The first thing to say is that I am broadly sympathetic with the goal of this book, which is to argue the merits of a theistic grounding of our ability to track moral truth. I have tried to argue a similar case for other fundamental moral beliefs myself.
I have some hesitations, however. The first is that the book is very badly edited. There are errors from the first sentence on ('What are the raw materials which "moral truth" is constructed?'), including eight in the first eight pages. Some of the errors are in spelling or grammar, and some seriously distort the philosophical content. Oxford University Press has a tradition of excellent proofreading, with a reliable troop of readers who have the competence and diligence to weed out this sort of thing. I do not know what happened in this case, but in any case the author must bear a large share of the blame.
The second hesitation is about Ritchie's understanding of expressivism. He is not alone in the way he has characterized this school of thought, but I think he is mistaken nonetheless. He defines expressivism as the view which takes "'moral truth' to be constituted by our sentiments and passions." (70). He quotes with approval Philippa Foot's reaction to the Nazi terror:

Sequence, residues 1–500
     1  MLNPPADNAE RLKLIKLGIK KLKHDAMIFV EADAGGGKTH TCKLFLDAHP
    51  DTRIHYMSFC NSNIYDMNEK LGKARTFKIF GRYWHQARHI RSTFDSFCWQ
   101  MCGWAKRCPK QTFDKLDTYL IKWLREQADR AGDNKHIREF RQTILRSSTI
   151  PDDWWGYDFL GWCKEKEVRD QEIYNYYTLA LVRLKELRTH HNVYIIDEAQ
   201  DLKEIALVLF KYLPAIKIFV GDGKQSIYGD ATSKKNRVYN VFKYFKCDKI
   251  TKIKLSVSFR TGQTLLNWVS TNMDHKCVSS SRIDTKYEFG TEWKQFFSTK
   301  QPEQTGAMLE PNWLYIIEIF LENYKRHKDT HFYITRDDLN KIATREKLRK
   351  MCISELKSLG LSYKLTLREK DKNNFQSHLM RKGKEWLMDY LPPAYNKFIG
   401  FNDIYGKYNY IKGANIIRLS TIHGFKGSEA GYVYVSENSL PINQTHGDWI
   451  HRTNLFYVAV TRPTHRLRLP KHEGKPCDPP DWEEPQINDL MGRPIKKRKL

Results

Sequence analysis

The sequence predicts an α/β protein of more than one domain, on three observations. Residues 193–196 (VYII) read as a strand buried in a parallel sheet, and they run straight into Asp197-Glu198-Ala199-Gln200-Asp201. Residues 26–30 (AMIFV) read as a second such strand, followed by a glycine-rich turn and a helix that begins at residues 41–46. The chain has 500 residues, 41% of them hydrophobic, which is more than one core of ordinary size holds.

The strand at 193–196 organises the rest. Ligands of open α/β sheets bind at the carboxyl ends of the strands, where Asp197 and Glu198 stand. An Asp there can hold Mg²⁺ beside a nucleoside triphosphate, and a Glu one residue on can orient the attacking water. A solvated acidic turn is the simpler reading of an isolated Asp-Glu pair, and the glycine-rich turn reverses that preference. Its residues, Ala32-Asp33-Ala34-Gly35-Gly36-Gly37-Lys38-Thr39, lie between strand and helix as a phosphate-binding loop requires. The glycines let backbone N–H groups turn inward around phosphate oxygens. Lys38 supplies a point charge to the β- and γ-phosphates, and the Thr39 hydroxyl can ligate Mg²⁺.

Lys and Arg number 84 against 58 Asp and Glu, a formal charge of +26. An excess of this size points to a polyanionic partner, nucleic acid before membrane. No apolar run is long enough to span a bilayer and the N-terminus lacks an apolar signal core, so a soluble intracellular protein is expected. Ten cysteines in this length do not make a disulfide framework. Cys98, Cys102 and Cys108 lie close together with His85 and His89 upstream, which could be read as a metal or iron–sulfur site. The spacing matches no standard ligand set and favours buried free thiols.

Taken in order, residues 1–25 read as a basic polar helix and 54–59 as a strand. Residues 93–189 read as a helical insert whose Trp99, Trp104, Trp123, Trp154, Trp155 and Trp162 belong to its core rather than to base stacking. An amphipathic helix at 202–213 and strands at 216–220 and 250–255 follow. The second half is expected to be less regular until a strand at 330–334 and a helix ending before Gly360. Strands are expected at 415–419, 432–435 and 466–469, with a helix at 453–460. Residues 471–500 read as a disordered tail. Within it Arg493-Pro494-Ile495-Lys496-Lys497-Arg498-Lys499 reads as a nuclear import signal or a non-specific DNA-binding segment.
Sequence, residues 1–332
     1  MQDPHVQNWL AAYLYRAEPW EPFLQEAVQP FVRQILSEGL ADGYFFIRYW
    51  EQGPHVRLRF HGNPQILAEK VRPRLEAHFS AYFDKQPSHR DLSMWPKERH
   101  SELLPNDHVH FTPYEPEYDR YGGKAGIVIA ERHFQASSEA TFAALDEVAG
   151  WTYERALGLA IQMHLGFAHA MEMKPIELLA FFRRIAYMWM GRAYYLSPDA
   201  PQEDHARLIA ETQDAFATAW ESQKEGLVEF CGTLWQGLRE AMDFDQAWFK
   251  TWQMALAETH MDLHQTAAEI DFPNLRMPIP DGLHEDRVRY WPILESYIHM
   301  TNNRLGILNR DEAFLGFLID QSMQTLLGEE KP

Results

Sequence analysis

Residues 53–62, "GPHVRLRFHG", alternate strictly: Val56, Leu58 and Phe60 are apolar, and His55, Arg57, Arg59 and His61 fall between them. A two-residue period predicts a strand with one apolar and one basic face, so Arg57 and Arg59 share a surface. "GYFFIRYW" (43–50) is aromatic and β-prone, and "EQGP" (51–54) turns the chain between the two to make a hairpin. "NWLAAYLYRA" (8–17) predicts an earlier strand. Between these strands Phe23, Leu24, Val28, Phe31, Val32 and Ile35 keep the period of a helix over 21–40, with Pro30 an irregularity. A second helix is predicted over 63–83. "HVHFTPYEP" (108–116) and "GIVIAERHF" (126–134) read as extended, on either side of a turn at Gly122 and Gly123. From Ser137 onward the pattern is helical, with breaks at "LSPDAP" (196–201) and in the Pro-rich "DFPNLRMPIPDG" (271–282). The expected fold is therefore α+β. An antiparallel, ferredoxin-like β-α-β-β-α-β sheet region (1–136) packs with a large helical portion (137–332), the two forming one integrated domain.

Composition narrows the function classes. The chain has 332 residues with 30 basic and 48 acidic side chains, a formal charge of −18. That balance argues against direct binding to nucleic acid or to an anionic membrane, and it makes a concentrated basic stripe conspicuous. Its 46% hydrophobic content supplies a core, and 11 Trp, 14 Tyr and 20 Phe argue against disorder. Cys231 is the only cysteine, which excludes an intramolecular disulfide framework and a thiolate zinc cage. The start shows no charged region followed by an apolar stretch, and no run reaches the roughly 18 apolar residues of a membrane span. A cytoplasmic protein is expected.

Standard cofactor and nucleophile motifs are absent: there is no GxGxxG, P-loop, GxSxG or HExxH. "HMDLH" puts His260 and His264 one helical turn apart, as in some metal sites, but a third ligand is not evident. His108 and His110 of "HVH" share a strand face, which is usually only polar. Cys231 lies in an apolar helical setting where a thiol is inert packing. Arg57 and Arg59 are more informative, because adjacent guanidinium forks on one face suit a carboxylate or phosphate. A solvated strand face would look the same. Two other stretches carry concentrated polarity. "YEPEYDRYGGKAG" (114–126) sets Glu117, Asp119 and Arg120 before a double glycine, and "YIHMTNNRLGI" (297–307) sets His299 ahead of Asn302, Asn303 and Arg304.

In the face of the news of the concentration camps, I thought 'it just can't be the way Stevenson, Ayer, and Hare say it is, that morality in the end is just the expression of an attitude.' . . . For, fundamentally, there is no way, if one takes this line, that one could imagine oneself saying to a Nazi, 'but we are right, and you are wrong' with there being any substance to the statement. (36)
Ritchie takes R. M. Hare to have been a non-cognitivist, which R. M. Hare himself several times emphatically denied (e.g., Sorting Out Ethics, Oxford: Clarendon Press, 1997, 56). The basic problem is that Ritchie has not decided his own position about internalism in ethical theory. R. M. Hare was an internalist about moral judgment, but the question about the ontological status of value properties is a separate question.
A third hesitation is about Ritchie's use of or failure to use the history of philosophy. Again he is not alone in the attempt to do philosophy exclusively from contemporary materials. But this method has drawbacks. I will give just one example. Ritchie undertakes to show the failures of axiarchism, the view that the good has a causal role, making things to be a certain way just because it is good for them to be that way. This is a version of final causation, and is familiar to anyone who knows Aristotelian metaphysics. When Ritchie comes to discuss axiarchism without divine purposes, which is Aristotle's position, Aristotle is not mentioned. The whole move from teleology in nature (what was called in the nineteenth century 'teleonomy') to teleology confined to the purposes of designers (as in Duns Scotus, for example) is examined as though there had not been centuries of discussion about it. These centuries provide all sorts of distinctions and arguments that make sense of why we now have the conceptual apparatus we do.